Endicott Arm | Dawes Glacier | Tracy Arm-Fords Terror Wilderness
  • Daily Expedition Reports
  • 30 Jun 2019

Endicott Arm | Dawes Glacier | Tracy Arm-Fords Terror Wilderness, 6/30/2019, National Geographic Quest

  • Aboard the National Geographic Quest
  • Alaska

The first day in Alaska did not disappoint. After a night spent in transit from Juneau towards  Endicott Arm, everyone awoke to humpback whales off the starboard side of the ship. Not a bad way to start our week in Southeast Alaska. Making our way up the Endicott Arm, the steep walls of the fjord began to tower over us. Waterfalls and green vegetation lined the walls as we crept in on Dawes Glacier. Rounding the last bend in the arm, the whole of Dawes Glacier comes into distant view.

To get a closer look, we boarded Zodiacs and headed further up the arm towards the glacier. Harbor seals lay lackadaisically on the ice soaking up the midday sun as we pass by. As the Zodiac engine slows, the popping sound of the ice fills the air. Weaving our way through the ice field, the deceptive size of the glacier (immense) becomes more apparent. We find ourselves staring at the massive face of Dawes Glacier at the end of the fjord. Dawes is a tide-water glacier, calving ice straight into the seawater. We sit and wait patiently to catch a glimpse of the glacier calving into the water. It does not take long to witness the sight we came for. A large slab of ice falls from the face of the glacier in what appears to be slow motion. Creating a huge explosion of upturned water, the sound of the impact arriving seconds later. With big frozen smiles on their face, the group made its way back to the ship.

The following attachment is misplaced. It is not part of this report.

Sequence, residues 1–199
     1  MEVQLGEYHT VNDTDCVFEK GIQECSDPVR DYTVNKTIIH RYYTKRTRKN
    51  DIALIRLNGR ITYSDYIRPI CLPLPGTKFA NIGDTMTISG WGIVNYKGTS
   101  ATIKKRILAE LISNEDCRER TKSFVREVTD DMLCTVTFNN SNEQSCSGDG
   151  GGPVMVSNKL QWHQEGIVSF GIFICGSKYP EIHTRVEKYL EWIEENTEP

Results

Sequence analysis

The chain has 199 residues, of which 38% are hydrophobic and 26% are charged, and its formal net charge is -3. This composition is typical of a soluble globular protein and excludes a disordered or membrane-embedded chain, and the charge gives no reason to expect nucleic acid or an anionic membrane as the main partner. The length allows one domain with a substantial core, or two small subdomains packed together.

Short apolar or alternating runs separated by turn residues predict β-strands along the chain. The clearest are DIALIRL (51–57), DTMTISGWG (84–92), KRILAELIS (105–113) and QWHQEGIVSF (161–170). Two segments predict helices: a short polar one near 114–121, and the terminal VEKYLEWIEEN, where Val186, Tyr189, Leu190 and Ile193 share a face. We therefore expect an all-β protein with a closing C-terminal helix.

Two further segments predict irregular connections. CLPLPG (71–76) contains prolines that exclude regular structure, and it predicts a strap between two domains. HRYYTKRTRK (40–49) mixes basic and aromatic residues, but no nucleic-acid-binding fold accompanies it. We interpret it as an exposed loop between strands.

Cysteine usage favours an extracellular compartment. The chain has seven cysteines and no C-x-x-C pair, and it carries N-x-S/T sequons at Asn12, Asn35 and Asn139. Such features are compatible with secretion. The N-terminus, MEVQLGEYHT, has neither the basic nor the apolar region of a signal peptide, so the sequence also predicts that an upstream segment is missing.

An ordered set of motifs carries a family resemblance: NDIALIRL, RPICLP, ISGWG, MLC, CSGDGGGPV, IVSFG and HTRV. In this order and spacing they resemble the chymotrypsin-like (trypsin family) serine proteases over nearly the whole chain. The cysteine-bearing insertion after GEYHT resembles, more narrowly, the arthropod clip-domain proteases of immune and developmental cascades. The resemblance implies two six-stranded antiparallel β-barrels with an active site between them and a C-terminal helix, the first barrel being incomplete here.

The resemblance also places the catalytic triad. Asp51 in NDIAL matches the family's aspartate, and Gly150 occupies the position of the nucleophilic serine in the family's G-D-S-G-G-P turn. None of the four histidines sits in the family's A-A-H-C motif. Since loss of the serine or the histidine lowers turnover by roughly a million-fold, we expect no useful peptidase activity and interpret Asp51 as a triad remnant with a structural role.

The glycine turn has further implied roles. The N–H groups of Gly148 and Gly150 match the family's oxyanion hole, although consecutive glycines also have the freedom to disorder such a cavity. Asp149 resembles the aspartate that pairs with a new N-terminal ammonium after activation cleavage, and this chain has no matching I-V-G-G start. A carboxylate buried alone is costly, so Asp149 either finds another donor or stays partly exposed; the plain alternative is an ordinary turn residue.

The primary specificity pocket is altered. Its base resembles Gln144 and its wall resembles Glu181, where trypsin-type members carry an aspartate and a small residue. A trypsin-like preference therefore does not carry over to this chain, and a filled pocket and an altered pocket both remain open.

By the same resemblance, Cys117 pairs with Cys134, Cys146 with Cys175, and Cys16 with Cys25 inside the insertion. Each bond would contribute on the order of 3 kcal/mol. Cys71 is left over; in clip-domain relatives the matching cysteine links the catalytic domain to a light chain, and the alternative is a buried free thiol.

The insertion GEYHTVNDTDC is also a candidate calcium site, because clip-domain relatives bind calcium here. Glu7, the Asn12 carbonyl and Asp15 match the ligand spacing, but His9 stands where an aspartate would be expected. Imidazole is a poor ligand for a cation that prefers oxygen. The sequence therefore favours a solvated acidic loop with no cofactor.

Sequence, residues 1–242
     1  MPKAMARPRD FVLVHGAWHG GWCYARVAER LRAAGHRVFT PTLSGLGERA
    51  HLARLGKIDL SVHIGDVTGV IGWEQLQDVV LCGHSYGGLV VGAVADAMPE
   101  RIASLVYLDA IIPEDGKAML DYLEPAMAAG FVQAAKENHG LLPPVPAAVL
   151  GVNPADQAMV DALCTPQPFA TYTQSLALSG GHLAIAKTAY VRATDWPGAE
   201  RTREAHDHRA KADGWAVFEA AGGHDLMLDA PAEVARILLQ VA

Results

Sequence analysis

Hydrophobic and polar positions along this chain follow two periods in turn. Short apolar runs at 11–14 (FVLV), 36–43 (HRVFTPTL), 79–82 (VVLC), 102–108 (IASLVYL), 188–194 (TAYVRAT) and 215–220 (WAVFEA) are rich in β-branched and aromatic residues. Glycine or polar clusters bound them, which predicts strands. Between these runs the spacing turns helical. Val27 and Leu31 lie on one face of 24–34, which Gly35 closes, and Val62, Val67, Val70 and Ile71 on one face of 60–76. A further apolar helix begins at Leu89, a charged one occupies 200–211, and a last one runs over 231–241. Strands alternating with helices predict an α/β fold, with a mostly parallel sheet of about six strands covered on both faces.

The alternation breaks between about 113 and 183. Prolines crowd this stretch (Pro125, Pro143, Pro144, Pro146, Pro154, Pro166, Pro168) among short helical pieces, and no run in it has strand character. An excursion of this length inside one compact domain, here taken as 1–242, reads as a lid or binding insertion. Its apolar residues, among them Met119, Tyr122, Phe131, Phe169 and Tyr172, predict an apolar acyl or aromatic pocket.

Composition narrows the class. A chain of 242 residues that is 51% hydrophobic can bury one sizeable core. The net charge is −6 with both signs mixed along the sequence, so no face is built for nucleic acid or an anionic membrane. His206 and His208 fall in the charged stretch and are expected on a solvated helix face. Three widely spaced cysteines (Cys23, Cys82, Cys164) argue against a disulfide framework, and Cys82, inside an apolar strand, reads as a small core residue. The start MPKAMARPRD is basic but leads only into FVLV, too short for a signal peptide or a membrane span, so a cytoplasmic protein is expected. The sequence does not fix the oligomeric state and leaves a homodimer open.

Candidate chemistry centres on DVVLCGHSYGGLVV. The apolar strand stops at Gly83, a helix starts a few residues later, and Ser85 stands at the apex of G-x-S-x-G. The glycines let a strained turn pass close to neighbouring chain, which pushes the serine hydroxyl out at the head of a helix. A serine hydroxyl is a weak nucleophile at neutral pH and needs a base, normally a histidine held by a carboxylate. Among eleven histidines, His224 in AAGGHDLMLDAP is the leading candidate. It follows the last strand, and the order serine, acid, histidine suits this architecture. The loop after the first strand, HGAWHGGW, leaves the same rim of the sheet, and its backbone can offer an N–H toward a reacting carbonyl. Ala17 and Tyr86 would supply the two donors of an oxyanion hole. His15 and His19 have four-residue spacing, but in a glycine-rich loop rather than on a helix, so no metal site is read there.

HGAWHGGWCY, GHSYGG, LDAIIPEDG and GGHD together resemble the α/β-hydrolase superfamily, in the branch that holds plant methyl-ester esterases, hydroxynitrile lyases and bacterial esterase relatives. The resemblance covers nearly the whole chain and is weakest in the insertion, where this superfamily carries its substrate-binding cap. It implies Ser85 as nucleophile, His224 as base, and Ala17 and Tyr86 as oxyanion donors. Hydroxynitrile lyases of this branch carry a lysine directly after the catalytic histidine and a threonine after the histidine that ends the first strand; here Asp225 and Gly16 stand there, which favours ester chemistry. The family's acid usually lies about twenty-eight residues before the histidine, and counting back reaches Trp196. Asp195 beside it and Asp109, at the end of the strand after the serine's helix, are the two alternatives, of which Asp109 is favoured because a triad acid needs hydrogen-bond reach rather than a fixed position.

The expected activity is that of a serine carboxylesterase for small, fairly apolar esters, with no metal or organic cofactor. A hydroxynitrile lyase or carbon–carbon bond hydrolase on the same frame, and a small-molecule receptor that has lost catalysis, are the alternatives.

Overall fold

The first day at sea ended in the same way that it began. Humpback whales were spotted off the starboard side of the ship as we made our way out of the mouth of the Endicott Arm. The whales put on a show for us as we finished our dinner, the flukes of the whales easily visible against the golden sunset backdrop. A great way to end our first day in Southeast Alaska.

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